Demand outlook from China
Of course, we've already talked about China above. However, with the stature of its economy, it’s important to look at the area individually, instead of giving a generalist explanation, as news from the country can single-handedly move the price of copper upward or downward. You’d understand why when you consider that China consume about 40% of the world’s copper. The US is second behind China in the global ranks of copper consumption. Here are a few things to consider with respect to China.

A simple way to understand the effect of China on the copper market is by comparing China to the whole of North America. According to Oracle Mining Corp, North American consumers use about 10kg of copper per capita. However, in China, despite the huge economic growth in recent years, per capital consumption of copper still stands at about 5.4kg. This shows that there is huge room for improvement in the consumption of copper from China. Oracle Mining Corp says, “As China’s populace urbanizes, builds up its infrastructure and becomes more of a consuming society, copper consumption will likely approach or even surpass North American levels; the country’s rate of copper consumption is expected to increase 9% annually through 2016.” That alone sums up the effect that economic situation in china has on the price of copper.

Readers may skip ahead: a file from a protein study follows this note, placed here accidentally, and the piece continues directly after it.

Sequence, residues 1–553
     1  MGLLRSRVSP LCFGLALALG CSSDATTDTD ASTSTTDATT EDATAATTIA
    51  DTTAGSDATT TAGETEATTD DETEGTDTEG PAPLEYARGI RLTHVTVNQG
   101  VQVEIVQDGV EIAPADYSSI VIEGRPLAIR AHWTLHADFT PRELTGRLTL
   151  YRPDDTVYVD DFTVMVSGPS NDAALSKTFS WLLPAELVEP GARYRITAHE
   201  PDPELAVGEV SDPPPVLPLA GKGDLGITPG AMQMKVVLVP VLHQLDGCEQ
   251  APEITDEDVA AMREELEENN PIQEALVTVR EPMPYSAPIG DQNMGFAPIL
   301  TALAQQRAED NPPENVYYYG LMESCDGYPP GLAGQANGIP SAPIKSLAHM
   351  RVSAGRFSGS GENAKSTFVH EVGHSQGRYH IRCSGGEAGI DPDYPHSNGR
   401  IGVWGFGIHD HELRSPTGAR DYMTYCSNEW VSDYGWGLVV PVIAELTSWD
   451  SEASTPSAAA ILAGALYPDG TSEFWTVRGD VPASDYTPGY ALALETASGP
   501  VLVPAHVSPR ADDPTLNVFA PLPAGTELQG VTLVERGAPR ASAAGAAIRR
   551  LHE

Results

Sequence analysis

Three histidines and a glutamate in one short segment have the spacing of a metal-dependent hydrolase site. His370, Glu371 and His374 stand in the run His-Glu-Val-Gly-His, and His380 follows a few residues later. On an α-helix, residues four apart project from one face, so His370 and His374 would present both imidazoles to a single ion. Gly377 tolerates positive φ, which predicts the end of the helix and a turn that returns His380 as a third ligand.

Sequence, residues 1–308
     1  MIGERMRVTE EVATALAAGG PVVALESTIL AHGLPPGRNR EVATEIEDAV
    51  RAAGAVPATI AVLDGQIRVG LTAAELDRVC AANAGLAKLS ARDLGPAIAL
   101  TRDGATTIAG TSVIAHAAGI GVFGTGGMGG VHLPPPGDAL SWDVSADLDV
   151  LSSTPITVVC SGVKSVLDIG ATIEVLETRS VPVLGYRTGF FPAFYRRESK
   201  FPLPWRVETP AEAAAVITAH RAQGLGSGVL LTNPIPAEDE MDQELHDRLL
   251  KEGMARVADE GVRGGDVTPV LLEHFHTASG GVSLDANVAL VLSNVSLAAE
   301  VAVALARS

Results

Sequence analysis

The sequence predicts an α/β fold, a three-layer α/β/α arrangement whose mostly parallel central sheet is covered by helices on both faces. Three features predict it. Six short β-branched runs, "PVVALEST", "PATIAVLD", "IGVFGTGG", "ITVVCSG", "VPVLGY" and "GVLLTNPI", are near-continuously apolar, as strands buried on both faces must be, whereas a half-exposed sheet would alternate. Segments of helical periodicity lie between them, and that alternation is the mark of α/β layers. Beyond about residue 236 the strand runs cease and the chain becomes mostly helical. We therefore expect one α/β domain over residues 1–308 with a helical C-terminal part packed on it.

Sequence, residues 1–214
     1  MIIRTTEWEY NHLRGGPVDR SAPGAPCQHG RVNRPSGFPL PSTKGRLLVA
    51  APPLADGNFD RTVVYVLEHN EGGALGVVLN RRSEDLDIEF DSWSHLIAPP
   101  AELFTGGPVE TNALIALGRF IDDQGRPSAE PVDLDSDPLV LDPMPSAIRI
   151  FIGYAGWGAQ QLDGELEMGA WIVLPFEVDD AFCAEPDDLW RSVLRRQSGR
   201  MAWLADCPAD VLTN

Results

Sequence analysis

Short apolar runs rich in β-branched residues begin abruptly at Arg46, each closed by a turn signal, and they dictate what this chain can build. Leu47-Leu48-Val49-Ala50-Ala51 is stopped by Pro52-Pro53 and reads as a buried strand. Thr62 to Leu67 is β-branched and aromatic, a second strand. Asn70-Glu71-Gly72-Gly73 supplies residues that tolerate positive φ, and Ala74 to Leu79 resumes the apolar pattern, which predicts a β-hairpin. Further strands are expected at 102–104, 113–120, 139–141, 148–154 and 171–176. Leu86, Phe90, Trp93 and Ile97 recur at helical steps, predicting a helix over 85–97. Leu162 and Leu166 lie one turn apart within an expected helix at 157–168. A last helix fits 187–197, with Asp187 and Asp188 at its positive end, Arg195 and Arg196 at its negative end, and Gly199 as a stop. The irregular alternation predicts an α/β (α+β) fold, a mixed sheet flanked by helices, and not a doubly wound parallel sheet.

Second, with China having a population in excess 1.3 billion, compared to 530 million people in North America, you should expect that any little increase in the demand from China would move the price of copper significantly.  Here is a reference. Financial Times reported in early July that the decline in the price of copper in the first quarter of the year was sparked by events in China. FT says that China’s first domestic bond default raised fears about the economy and the possible unwinding of financing deals using copper as collateral. Just to keep it short, when predicting the direction of the price of copper you want to prioritize events in China.

Supply Disruptions
As a result of the fact that a significant portion of global supplies of copper come from South America, supply disruptions – or the fear of it – in the region can affect global prices a great deal. For instance, events like strike at mining sites and natural disasters – landslide, for instance – are quite common in the region. All of these events threaten supplies from the region can push prices higher if they occur. As a reference, you want to bear in mind that the Chile and Peru combined account for about 40% of the world’s proven copper reserves – and about 42% of the world’s total copper production.    

Substitute effect
The last main factor involves the possibilities of substituting copper.  In order to reduce productions costs, industries that make use of copper have sought cheaper metals that can be used in place of copper. For instance, aluminum is now used in power cables, electrical equipment, automobile radiators and cooling tubes. In summary, the more the availability of substitute metals, the more the pressure that would be on demands for copper, which would make the metal cheaper.